Welcome and congratulations on venturing into the world of camper building! I admire your spirit so far and your craftsmanship looks great. So good job! If you look through the build journals you will see many different styles and methods of building. The mistake commonly made is to over build. What you're building will be heavier than the frame itself. I think I would buy a second frame, divide your material in half and build two! But it looks like you're figuring this all out by now... I don't think it's too late to take some things apart and cut them down. Like KC said, airplane not house. Good luck!
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Re: The Ark of the Covenant

Postby S. Heisley » Thu Feb 23, 2017 10:12 pm

SwiftRiver, you should be able to pick up one of your teardrop sides and hold it in your hands while you step on a bathroom scale. Have somebody mark down how much you and the wall weigh. Then check what you weigh, alone, and subtract that from the weight that you had when you held the teardrop side and you'll have your answer.

I'm enjoying your build thread and pictures! Thanks for sharing. :)
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Re: The Ark of the Covenant

Postby SwiftRiver » Fri Feb 24, 2017 12:16 pm

So we worked our tails of last night, but I have to imagine that this is one of the most fun steps of the whole build. We put the walls up! No longer will this project be two dimensional. No more will will we lay things flat again after a hard days work. We're 3D!

So on the first frame that was way too thick, we routed down the 2x4s to half their depth (we might do some more, such as drilling holes to reduce weight). On the second frame we straight up used 2x4s that we halfed and quartered with a table saw. Hopefully this will help to lighten the load. Couldn't find a way to use the pocket holes on this side so we had to just pre-drill some holes and go for it. It seemed to work out. We also switched which side the door was on. Originally the window was on the thick side, but since our door is thicker than our window, it was more suitable to switch them (a minor detour). Then we attached our walls to the base and made our ribs out of 1x2s. It is pretty sturdy right now with a little bit of rock to it. I expect that it will get stronger with the outer skin.

As always feel free to post any questions, comments, or concerns.

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Re: The Ark of the Covenant

Postby Atomic77 » Fri Feb 24, 2017 12:27 pm

Now that has to be a great feeling! Your camper has an inside! Looking good you guys... keep up the great progress!
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Re: The Ark of the Covenant

Postby KCStudly » Fri Feb 24, 2017 2:16 pm

Yes, great progress. You two make a great team!

One thing I noticed, which I assume is just dry fit for now, is your roof fan shroud appears to be on backwards. you want the grill/louvers to face the rear so that it does not get stressed from wind drag or get wind driven rain forced down it while towing. The way it appears in the pics^ it will act like a big funnel/parachute. Just saying in case you were not aware; it has happened before.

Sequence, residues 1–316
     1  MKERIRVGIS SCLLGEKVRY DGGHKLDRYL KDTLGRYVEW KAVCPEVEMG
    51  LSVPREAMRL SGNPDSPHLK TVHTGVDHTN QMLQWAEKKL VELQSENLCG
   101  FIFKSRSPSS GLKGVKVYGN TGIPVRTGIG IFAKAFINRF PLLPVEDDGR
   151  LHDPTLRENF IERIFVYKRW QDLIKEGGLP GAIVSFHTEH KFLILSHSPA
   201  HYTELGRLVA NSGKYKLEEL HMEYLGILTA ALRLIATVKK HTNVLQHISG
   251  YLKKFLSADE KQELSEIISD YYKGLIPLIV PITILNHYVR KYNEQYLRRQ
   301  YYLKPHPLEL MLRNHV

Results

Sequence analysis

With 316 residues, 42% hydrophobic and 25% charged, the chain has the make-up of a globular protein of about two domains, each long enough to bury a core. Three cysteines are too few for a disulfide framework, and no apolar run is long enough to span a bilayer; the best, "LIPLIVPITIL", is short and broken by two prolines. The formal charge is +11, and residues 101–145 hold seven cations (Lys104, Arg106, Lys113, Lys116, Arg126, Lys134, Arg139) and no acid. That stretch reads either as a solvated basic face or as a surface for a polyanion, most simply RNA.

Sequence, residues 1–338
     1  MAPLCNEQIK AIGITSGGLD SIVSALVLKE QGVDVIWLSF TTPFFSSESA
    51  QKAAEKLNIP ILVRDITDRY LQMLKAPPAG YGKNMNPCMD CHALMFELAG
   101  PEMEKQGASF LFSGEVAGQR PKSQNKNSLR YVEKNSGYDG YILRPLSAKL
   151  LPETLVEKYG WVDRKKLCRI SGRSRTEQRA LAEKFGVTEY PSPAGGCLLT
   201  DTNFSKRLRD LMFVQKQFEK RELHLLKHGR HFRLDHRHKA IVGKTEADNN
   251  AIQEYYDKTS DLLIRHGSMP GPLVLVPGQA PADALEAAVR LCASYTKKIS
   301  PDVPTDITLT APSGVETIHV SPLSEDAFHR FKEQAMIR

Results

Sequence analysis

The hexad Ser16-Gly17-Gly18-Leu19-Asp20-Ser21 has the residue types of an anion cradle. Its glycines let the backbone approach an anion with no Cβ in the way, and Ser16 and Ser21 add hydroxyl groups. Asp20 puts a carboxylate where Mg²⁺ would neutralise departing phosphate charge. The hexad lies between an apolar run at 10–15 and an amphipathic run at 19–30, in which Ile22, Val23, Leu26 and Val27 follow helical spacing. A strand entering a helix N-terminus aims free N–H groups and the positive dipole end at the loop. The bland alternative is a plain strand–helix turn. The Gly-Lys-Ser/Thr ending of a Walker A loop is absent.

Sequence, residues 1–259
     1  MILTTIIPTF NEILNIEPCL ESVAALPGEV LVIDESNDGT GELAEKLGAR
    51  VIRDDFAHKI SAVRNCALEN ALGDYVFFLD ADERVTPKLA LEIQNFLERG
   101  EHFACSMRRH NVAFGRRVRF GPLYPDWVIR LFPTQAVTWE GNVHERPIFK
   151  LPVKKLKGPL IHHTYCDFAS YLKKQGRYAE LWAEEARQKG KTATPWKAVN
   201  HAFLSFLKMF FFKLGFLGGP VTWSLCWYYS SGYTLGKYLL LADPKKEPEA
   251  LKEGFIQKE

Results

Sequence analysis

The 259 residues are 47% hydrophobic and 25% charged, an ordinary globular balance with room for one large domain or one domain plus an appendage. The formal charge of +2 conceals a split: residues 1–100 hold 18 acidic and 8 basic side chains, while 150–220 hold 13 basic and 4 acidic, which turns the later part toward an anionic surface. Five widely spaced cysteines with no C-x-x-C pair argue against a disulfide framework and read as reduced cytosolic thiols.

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Re: The Ark of the Covenant

Postby SwiftRiver » Fri Feb 24, 2017 2:28 pm

Thanks. The vent cover was just on for looks, and it was 12:30am when we mocked it all up. Hopefully we remember to put it on the right way! :thumbsup:
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Re: The Ark of the Covenant

Postby SwiftRiver » Mon Mar 13, 2017 3:54 pm

Sorry it has been a while since I last posted, but it has been Spring Break, and I used this time to be in full building mode. Each day this last week I spent at least 8 hours working on The Ark, and boy has it been a blast. This week has made me think that it might just be possible for me to make my deadline of the end of April.

With the help of many different friends I was able to get done with all of the cabinetry, insulation, and electrical work. Unfortunately, my fiancee was not able to work on the trailer with me since she went on a Habitat for Humanity trip this week and is the president of the club at my school. That however, did not stop me from working my hardest to surprise her with my progress when she got back.

Here is the process we went through this week. As always feel free to leave questions comments or concerns.

First, we needed to get the counter top in place since everything is based around that.

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Then we laminated it.

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Next we needed to build the frames for the cabinets

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A resourceful way to cut a large piece of wood with a limited number of hands. 8)

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Then came electrical work.